# Making Statistics Interesting (No, really!) with SAS On-Demand

In a few (okay, a lot) of my previous posts I talked about how you could get set up with SAS On-Demand, problems you might have, programs to run. Now we get to the crux of the matter. Why?

Let’s assume that you are like most professors in America and your students are like most students. In other words, you are teaching statistics to people who:
a) don’t want to learn it
b) consider it boring
c) believe it doesn’t apply to them
d) think it’s too hard
e) all of the above

I am not being disrespectful to my students. If you have ever taken or taught a statistics class, can you honestly tell me that the above does not apply to one hell of a lot of people.

Here, on day one, is a graph from the very first data set analyzed. It’s a chart showing the distribution of medical visits from a sample of people 65 and older.

What questions can you ask based on this?

What observations can you make?

Oddly, I find many people jump right in talking about health care, socialized medicine or aging without ever once pausing to ask what exactly is this variable, which is the FIRST question they ought to ask.

The answer is that it is the total number of internal medicine visits over a nine year period. The first thing the students can see is that most people had very few, even over a nine year period. Then, they can look at the table of descriptive statistics and see that the mean is 24.5 visits even though the mode is clearly 0.

Both this table and the chart above are a result of the CHARACTERIZE DATA task, which is always the first thing I do with any data set if I am using SAS Enterprise Guide. It gives me an overview of the dataset – number of variables, range, minimum, maximum, mean, distributions – and identifies any glaring data entry errors.

This is the point where hopefully one of your students asks if the mode really is 0.It is definitely the minimum, as they can see from the table. It is the highest point, but is that actually zero or is it something like 0-5 ?

This is the part that almost never happens in any statistics or any other math class, the part where the instructor says, “Let’s find out.” (In fact, the modal number of visits over a nine-year period is zero, but that only represents less than 4% of all people over age 65.  You can find this out by going to TASKS > DESCRIBE > ONE-WAY FREQUENCIES and selecting the medicine visits variable as your analysis variable.)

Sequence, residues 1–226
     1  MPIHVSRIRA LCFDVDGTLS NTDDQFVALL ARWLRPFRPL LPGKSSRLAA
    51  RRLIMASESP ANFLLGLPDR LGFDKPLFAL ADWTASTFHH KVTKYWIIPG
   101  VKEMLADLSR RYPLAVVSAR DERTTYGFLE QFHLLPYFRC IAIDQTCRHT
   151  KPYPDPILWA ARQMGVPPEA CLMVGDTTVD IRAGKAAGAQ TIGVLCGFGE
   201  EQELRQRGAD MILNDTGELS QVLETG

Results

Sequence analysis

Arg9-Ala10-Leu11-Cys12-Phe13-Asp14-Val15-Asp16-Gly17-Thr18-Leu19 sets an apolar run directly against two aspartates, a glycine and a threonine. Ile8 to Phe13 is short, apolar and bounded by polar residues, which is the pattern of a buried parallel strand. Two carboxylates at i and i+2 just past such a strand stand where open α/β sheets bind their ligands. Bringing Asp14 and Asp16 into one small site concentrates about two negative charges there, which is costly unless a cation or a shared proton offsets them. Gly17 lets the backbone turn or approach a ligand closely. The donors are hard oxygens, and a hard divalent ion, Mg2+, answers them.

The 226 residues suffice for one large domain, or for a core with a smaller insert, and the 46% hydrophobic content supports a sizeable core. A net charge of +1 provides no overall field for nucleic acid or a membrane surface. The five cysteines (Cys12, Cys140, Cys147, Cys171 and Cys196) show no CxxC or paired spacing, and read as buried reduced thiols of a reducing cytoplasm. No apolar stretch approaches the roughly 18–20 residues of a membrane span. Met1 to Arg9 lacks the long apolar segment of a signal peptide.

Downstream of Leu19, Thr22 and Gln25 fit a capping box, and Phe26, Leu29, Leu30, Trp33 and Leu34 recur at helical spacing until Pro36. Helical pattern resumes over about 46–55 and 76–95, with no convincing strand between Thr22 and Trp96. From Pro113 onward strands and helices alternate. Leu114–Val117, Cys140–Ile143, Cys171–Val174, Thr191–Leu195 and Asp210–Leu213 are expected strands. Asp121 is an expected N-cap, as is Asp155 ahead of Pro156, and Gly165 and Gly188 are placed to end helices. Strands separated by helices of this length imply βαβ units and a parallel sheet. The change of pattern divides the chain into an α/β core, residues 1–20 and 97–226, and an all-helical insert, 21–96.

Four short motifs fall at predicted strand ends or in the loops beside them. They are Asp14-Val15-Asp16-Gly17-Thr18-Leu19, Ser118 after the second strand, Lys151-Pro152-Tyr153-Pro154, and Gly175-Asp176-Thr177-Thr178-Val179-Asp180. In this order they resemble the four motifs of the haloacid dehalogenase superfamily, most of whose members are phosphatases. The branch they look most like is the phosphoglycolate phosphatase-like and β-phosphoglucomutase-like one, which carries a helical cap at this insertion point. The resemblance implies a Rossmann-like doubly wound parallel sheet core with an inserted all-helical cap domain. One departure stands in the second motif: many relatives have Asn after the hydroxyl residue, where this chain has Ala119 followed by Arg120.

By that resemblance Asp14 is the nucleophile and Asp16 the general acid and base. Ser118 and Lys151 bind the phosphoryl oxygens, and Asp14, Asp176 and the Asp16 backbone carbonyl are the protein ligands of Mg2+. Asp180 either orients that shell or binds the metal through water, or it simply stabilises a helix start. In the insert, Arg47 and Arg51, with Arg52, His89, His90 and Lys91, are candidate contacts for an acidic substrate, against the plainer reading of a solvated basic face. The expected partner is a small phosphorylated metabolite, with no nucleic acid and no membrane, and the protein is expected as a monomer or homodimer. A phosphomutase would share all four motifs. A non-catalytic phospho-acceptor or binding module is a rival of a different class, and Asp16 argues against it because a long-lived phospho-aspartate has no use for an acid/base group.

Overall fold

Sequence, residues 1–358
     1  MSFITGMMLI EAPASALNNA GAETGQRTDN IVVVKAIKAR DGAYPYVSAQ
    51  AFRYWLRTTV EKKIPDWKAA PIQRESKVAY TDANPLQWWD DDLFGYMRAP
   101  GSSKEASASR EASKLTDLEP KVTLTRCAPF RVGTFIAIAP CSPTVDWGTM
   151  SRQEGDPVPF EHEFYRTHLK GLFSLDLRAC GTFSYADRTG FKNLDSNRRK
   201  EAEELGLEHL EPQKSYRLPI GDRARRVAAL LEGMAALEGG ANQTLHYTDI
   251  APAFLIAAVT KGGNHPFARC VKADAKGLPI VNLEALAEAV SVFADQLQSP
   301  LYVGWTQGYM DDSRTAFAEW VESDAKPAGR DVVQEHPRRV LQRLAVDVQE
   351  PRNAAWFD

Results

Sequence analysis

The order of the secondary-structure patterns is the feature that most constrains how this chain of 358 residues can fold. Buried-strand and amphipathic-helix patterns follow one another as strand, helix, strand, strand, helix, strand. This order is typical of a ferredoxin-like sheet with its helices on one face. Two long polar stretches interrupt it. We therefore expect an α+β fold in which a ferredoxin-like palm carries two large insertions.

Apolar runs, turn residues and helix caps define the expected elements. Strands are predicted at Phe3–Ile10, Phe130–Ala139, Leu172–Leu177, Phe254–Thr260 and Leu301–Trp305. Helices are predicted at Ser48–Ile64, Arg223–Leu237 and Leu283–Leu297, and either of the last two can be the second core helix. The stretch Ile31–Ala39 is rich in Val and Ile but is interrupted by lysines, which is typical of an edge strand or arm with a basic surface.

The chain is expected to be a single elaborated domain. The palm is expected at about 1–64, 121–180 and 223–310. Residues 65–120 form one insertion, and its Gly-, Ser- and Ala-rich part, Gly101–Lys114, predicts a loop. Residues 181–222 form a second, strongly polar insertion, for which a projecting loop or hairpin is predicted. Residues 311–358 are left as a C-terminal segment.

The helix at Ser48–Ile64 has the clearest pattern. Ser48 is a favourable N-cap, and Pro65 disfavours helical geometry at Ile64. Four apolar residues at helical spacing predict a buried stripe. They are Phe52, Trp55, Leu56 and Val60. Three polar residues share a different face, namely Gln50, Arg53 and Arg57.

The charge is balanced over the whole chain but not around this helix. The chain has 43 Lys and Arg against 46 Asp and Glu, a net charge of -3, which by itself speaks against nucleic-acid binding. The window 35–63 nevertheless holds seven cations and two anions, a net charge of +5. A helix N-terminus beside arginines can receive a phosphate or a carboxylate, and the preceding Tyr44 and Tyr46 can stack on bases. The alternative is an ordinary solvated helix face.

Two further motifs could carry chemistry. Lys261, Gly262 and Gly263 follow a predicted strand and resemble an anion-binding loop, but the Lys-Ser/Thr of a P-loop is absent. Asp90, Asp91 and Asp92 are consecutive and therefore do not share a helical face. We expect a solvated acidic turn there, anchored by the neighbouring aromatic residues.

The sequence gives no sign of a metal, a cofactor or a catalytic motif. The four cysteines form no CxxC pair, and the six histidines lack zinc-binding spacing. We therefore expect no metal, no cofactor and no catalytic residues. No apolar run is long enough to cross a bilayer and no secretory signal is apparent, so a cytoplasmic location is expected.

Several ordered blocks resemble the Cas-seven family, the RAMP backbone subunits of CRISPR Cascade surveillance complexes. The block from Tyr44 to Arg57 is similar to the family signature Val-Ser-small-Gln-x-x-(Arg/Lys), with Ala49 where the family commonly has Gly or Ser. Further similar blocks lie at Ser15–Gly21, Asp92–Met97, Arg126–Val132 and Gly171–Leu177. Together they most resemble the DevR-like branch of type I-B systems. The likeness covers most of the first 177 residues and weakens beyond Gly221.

Above we have another chart that shows a normal distributions super-imposed on the distribution for medicine visits. You can see that the distribution is not normal at all. In fact, the left end of the curve is cut off your chart entirely. Thus, you can see that your distribution is positively skewed and non-normal.  In a normal distribution, your measures of central tendency are all the same.  Mode= Mean = Median.  In this distribution the mode = 0, Mean = 25 and median = 21.  You get the above chart, measures of central tendency and a lot more by going to TASKS > DESCRIBE > DISTRIBUTION ANALYSIS , selecting the medicine visits variable as your analysis variable, under DISTRIBUTION click the button next to NORMAL and under plots click the button next to Histogram Plot.

A distribution analysis also gives you various statistics to test for normality which you may or may not cover in an introductory course. However, anyone can see in the graph above that part of the curve is missing so that is definitely not a normal distribution.

Maybe everything is like that. Maybe most older people are healthy and there are a few who have a terminal illness, multiple health problems, whatever.

What do you think? Here it comes again … let’s find out.

Now here is the distribution of cholesterol. That certainly looks to be closer to a normal distribution. The mean = 245, median = 241 and mode = 230 .  When we take a look at a normal distribution super-imposed on the distribution for cholesterol, you can see that it is a heck of a lot closer to normal than the distribution for medical visits.

Hopefully by this point your students are starting to see that this statistics stuff is far from impossibly hard. They may have questions about the distributions of other variables, like blood pressure, BMI or other medically interesting stuff. These are questions they can be assigned to research themselves after you show them how to use SAS On-Demand.

You’ve looked at a couple of variables, but you haven’t yet discussed one of the real uses of descriptive statistics, that is, to describe your sample. Who are these people?

In this particular sample, we have two cohorts, one selected from people who were 65 or older in 1971 and a second cohort of people 65 or older in 1980. A fair number of them had been born in the 19th century. What were these people like? How did they differ from you and me?

Again, this is an opportunity for your students to ask and answer questions. Many of the answers are in those graphs from the CHARACTERIZE DATA task so you don’t need to run anything at all. Just go to the results and scroll down. For example …

The distribution of education was vastly different. The largest proportion of this population had not finished high school. Far less than 10% had finished college.

We’re working with patients who in many ways were born into a different world than the one we live in. In what other ways might they be different ?

Oops, too late. Class time is over.

If this is the part where students say,

“Wait a minute! That’s not fair. We didn’t find out the answer yet!”

Well, that’s a hell of a good start to  a statistics course, don’t you think?